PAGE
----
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Demand for Help Musicians mental health support line doubles during COVID shutdown

By | Published on Friday 8 October 2021

Help Musicians

The mental health support line run by Help Musicians has seen demand nearly double this year, the music charity has revealed, confirming the impact the COVID-19 pandemic has had on the well-being of the music community.

By the time full capacity shows returned in England in July, the UK live sector had been in virtual shutdown for nearly sixteen months, with only socially distanced shows possible during the slight relaxation of the rules in summer and autumn 2020. The number of such socially distanced shows was relatively low, and many struggled to break even when operating with capacities sufficiently reduced to comply with the regulations.

And, of course, the revival of the live industry has only just begun, with restrictions being lifted slower in Scotland and Wales, and especially Northern Ireland, where full-on gigs aren’t set to return until the end of the month. Meanwhile ongoing travel restrictions, and the variations in COVID rules in different countries and regions, means the business of touring is far from back to normal.

For many artists, live performance is the key revenue stream, meaning that the live music shutdown had a major impact on their income. Plus at various points COVID also stopped the studio work and educational projects that also provide important revenue for music-makers. Making matters worse, some musicians fell into the gap of government-provided COVID financial support for freelancers in the UK.

It is no surprise, therefore, that all the financial concerns COVID created – and the constant uncertainty of how long the pandemic would continue to impact on live performance – has negatively impacted on the mental health of many musicians. Though it’s not just financial concerns, with the “career uncertainty” and “loss of identity” caused by the pandemic also key factors.

Help Musicians launched its 24/7 Music Minds Matter phoneline – staffed by accredited therapists – in 2017, and then began expanding the mental health initiative in April this year, including via a new national network of local support groups. Help Musicians works in partnership with organisations like the British Association For Performing Arts Medicine to deliver the programme, while UK collecting society PPL is now a key financial backer.

Commenting on the increased need for services like Music Minds Matter over the last eighteen months, BAPAM CEO Claire Cordeaux says: “Musicians’ mental health needs have always been higher than the general population, but over the last eighteen months we have seen a significant increase in requests for mental health support caused by a combination of financial and career uncertainty, loss of identity and difficulty in getting access to mainstream mental health services. The challenge of being performance ready after this period should also not be underestimated”.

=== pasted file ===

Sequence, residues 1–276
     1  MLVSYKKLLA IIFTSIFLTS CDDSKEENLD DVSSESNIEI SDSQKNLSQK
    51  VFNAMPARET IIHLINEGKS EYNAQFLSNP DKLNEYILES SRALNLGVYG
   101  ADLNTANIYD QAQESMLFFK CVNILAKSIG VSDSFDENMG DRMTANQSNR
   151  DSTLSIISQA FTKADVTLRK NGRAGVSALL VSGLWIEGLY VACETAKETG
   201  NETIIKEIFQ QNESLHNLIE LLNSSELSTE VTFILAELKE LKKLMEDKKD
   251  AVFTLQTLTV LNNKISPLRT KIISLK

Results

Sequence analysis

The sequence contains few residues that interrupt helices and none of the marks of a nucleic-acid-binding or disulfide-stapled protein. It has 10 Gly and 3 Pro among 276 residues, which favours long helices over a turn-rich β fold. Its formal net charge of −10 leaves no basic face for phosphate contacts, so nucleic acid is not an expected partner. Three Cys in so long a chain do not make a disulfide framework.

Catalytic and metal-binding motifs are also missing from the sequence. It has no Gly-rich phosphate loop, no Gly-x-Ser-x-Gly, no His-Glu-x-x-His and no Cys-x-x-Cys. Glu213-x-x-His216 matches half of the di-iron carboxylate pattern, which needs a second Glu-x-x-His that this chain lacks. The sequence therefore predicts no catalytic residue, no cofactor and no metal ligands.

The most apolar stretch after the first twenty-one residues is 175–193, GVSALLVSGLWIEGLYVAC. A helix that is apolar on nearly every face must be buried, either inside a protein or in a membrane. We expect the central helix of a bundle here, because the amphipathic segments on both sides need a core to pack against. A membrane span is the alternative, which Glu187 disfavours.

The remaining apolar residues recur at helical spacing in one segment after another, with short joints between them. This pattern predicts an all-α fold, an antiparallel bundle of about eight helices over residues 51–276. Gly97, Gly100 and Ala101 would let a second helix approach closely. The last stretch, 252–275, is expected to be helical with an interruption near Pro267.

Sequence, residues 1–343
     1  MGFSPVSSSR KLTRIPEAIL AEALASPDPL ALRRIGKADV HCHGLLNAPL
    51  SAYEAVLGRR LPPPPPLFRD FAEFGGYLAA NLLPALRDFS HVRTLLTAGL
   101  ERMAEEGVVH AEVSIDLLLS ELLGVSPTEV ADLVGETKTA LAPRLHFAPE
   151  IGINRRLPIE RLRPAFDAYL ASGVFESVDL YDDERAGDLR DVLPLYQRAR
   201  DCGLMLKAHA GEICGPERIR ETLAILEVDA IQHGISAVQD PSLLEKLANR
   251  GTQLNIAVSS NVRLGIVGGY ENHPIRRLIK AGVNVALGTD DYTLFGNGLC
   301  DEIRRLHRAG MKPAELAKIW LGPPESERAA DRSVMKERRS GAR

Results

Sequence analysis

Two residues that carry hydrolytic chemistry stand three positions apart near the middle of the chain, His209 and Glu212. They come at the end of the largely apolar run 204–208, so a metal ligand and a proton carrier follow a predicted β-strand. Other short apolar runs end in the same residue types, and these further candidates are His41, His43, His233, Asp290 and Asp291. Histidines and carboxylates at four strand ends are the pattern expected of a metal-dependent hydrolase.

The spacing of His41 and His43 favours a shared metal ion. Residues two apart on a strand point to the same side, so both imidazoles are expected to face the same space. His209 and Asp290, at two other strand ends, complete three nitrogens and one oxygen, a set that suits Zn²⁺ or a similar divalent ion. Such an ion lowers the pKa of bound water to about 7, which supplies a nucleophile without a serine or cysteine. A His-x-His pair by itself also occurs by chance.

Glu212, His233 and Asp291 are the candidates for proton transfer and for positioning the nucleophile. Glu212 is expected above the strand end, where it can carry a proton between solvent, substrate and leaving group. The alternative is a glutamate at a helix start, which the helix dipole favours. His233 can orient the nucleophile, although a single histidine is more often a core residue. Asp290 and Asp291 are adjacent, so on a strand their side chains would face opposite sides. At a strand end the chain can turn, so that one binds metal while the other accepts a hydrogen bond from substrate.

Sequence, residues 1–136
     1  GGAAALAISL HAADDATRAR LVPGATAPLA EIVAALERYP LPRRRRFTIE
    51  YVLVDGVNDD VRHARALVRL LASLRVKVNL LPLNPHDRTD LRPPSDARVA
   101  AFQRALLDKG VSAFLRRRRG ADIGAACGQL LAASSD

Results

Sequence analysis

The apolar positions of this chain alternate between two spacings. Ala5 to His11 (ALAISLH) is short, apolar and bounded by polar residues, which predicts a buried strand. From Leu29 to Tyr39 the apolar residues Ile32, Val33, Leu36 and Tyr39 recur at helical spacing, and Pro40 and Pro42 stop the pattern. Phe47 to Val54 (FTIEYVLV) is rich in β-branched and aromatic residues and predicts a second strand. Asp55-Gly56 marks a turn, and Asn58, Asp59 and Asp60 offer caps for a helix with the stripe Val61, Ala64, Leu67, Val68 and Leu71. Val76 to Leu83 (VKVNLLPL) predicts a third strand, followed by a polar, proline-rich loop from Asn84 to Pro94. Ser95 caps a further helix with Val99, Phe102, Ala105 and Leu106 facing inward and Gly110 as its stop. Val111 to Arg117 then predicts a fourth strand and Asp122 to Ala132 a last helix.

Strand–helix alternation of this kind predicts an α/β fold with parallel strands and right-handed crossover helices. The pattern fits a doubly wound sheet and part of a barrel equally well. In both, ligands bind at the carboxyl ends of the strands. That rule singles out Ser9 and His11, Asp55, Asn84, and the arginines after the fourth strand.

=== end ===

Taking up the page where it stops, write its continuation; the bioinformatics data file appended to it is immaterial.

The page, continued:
“We are delighted to be working with Help Musicians and PPL on this important project”, she adds. “Our clinical specialists all have experience of the performing arts and are well placed to deliver therapeutic support and to liaise with specialist services where necessary”.

Meanwhile, Help Musicians CEO James Ainscough says: “It’s so exciting to see live music gradually return, but the rising number of musicians seeking counselling in 2021 highlights that the mental health impact of the pandemic is far from over”.

“In what can already be a very challenging profession, the added pressures of the past eighteen months, and the uncertainty of what lies ahead while careers are re-built, has created the perfect storm for musicians and their teams who are battling to maintain their mental health”.

“The expansion of Music Minds Matter continues in earnest and we need as much support as we can get for this vital service to the entire music industry”, he goes on. “PPL’s support is crucial to ensuring we can meet the rising demand and we are incredibly grateful for their generosity and leadership”.

PPL chief Peter Leathem also comments, noting that the demand for the mental health support line nearly doubling “makes it clear that many in the music industry are still feeling the impact of a very difficult past eighteen months”.

“So as live music returns, nightclubs re-open and we return to offices and public spaces, we must continue to support those who are still in need”, he adds. “Music Minds Matter is playing a crucial role in this and we are very proud to help the service continue to deliver excellent care and expand its offer”.